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Front Page » June 16, 2009 » Opinion » The Wasatch Behind: Artifact armageddon
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The Wasatch Behind: Artifact armageddon


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By TOM MCCOURT
Guest Contributor

Anyone who has been to Lake Powell knows that San Juan County is dotted with Indian ruins. They are everywhere. People who live in the area discover artifacts in their travels as a matter of routine. Farmers find them in their fields, cowboys find them on the cattle ranges, and recently a man from Blanding found a whole pit-house complex in his front yard while digging footers for a new garage. Backpackers, hunters and tourists find things, too. The stuff is everywhere.

For years people just took the artifacts and never worried about it. Even our most prestigious universities did little more than pot-hunt artifacts in the early days. In fact, the University of Utah bought artifacts from people in southern Utah until the 1950s. I know that because I have a degree in anthropology from the "U" and I've seen the collections tucked away in the dusty basement of the museum. The school had certain "contacts" in San Juan who kept them supplied with new and interesting finds that the school paid top dollar for. Of course this practice encouraged the economic exploitation of Indian ruins.

And for years, antique stores and commercial dealers paid good money for artifacts, no questions asked. An outfit named "Lear's" from Glenwood, Ark. had whole catalogs of Anasazi artifacts for sale to the general public. It is not surprising that several families from economically depressed San Juan County supplemented their incomes by finding and selling artifacts.

And then, there were many people who simply collected and kept the things they found. I am one of those. I spent time in the early 1950s at Hite and White Canyon with my grandparents before there was a Lake Powell. I began collecting arrowheads at the age of six. I'm not ashamed of that. I'm happy I was able to rescue a few small things before Lake Powell destroyed them.

Attitudes about collecting have changed over the years. Not so long ago it was cool to collect artifacts. My Boy Scout troop went on arrowhead hunting campouts and awarded prizes for the best finds. In the 1960s, the first board of directors of the CEU Museum sponsored artifact hunts to gather material to display in the Price museum.

But slowly attitudes changed as people became better educated and more enlightened. The federal Antiquities Act of 1979 and the Native American Graves Repatriation Act of 1990 pretty well put an end to the indiscriminate looting of archaeological sites - or should have. Unfortunately, some of it still happens.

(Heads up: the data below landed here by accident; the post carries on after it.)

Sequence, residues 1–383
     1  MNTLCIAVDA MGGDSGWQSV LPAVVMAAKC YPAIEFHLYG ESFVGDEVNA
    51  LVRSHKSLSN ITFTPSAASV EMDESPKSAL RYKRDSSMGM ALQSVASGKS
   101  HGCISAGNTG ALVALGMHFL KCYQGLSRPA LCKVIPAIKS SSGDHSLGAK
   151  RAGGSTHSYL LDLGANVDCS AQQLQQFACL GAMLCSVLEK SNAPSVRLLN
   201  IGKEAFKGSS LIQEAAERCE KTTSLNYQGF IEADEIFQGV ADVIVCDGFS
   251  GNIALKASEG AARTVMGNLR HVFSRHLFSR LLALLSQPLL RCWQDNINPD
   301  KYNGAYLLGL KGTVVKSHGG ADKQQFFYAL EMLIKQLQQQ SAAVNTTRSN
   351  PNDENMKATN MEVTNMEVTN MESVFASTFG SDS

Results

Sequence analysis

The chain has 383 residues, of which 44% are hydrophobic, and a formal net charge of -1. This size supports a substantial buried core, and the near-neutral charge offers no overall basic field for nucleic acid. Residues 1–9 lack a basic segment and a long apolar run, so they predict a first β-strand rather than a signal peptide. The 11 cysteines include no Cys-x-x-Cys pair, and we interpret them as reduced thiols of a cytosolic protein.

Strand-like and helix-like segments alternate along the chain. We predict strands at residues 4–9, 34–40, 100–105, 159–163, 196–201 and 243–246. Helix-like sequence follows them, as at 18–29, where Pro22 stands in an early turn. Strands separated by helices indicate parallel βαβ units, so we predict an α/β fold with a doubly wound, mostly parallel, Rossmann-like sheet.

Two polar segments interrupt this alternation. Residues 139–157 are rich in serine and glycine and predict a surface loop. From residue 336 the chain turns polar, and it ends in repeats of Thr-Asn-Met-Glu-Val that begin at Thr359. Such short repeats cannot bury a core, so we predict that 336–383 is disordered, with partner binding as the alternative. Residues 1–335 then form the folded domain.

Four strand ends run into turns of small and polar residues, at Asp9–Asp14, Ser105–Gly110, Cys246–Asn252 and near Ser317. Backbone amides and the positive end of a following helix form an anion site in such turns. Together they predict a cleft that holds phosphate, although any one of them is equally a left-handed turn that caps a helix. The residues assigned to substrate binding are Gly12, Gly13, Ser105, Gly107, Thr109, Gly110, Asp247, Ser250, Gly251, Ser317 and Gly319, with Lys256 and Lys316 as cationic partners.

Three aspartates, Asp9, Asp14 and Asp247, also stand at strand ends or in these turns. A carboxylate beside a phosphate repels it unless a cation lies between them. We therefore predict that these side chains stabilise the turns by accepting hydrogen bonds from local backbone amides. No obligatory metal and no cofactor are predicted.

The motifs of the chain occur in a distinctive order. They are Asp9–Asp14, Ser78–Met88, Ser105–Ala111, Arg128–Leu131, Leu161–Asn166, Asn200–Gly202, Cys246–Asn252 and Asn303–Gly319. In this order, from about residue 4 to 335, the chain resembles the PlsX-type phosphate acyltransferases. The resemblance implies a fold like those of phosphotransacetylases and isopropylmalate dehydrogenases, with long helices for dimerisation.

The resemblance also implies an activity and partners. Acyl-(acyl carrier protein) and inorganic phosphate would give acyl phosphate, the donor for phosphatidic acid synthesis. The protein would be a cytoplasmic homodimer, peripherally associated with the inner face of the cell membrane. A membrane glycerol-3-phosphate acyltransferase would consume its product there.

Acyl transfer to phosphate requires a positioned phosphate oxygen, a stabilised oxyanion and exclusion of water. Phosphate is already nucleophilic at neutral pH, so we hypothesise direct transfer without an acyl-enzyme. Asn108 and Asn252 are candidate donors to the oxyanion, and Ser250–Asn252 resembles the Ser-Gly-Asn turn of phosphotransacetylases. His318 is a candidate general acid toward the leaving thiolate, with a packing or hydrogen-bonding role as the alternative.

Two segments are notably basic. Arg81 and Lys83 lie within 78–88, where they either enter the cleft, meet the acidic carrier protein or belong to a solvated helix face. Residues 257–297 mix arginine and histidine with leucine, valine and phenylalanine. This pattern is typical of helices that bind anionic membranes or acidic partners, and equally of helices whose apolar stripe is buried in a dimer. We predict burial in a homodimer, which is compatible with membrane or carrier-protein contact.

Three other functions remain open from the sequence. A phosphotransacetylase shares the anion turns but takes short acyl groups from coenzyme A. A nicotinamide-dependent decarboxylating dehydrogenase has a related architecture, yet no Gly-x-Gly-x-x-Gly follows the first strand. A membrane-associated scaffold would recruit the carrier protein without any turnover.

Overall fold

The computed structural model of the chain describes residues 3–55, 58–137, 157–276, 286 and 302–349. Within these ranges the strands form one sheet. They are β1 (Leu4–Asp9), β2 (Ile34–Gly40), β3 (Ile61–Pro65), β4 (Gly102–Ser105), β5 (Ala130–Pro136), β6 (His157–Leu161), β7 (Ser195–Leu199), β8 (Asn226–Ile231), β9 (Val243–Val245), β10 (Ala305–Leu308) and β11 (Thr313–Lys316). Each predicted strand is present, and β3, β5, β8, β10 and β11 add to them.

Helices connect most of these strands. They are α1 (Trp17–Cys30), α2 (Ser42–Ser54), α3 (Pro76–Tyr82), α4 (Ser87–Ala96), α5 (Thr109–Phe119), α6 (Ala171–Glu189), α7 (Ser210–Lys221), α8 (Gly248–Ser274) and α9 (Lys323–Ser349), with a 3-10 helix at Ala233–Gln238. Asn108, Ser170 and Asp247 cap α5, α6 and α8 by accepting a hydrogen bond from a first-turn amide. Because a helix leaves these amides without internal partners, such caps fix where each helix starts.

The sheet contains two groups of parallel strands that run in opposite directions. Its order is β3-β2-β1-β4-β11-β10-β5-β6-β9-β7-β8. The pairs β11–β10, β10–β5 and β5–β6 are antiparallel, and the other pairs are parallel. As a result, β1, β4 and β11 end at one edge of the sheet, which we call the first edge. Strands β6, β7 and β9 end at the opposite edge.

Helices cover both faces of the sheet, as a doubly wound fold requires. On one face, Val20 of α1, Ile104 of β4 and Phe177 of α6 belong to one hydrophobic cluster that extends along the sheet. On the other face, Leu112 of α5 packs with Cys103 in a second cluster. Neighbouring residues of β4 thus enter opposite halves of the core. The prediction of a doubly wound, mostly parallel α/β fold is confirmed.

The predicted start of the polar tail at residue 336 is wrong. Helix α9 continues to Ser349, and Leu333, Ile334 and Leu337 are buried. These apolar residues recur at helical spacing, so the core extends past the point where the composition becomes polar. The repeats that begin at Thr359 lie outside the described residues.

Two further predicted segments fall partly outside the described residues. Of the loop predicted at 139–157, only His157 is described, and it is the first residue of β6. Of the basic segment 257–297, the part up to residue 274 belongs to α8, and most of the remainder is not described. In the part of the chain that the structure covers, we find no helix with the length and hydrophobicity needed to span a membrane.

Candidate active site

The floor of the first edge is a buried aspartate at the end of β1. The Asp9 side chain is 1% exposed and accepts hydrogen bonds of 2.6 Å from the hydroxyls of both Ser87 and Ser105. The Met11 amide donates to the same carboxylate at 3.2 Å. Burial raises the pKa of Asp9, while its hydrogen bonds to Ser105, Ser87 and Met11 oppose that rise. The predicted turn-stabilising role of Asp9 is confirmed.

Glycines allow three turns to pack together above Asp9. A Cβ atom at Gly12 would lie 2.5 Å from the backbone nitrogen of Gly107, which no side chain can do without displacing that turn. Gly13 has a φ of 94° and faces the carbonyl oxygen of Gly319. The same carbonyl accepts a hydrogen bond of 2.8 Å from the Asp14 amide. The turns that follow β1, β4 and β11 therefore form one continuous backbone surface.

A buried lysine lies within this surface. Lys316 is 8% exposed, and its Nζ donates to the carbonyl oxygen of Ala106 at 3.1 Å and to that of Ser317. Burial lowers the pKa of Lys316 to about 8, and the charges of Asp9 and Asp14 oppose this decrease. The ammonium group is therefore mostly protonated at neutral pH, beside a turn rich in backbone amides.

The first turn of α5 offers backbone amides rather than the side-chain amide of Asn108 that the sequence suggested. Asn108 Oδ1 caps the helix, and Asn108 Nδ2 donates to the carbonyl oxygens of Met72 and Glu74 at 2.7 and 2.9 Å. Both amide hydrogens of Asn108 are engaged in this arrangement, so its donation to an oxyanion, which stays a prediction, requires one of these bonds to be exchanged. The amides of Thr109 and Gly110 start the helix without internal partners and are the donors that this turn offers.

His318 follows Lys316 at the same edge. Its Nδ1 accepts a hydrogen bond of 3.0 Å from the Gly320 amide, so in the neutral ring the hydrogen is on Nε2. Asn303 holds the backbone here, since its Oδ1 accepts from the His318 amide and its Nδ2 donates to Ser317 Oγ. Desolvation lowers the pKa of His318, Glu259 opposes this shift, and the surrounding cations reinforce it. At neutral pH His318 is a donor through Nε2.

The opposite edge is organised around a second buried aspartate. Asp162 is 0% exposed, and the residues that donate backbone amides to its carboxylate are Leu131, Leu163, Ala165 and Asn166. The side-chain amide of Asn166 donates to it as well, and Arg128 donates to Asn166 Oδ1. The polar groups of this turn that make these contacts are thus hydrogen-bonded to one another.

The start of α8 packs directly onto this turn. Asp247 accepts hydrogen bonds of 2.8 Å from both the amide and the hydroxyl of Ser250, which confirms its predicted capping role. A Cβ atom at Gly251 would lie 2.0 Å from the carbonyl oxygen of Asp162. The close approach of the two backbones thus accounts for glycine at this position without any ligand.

And so, it was with a heavy heart that I watched events unfold in San Juan County last week. Most of us are aware of the raids by federal agents on suspected artifact traffickers in Blanding. I make no excuses for, or judgments about, those who were arrested. I don't know the people or the circumstances. I do know that most of the people taken into custody were in their late 50s through late 70s, and being a member of that generation with roots in southern Utah, I understand their history, mindset, and motives.

But what bothers me most is the way the raids were conducted. Of those arrested, 22 of 24 had no prior criminal history, according to news reports. And all were charged with non-violent crimes in this case. And yet the feds swooped in like the seventh cavalry avenging Custer's massacre. According to the channel two news in Salt Lake City, 78-year-old Harold Lyman had 25 federal agents, wearing full SWAT gear and carrying assault rifles, surround his home in the early morning hours and take him away in leg irons and chains. All of the other defendants were treated the same way. Lyman is a prominent, well-respected citizen of Blanding with years of faithful service to the community. Did the feds even consider that a man like that might surrender peacefully if the county sheriff served him with a summons? I don't know the man, but I'm sure he would have come to the sheriff's office if called on the phone.

There must be a special motive behind the grandstanding, aggressive actions and chest-thumping publicity event following the raid. Are the feds sending us a message? Are they trying to create fear and intimidation? Is this a preview of things to come?

This whole thing smacks of Waco, Ruby Ridge, and the Texas anti-polygamy raids of last year. The excessive use of force and the rough and insensitive way these non-violent "criminals" were treated reminds us of Hitler's Gestapo. It shows a calloused disregard for common decency, due process, and the principle of innocent until proven guilty. I don't know what is happening to my country anymore. It seems the people who run our government are doing all they can to make us fear and hate them.

What could possibly be their motive?

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June 16, 2009
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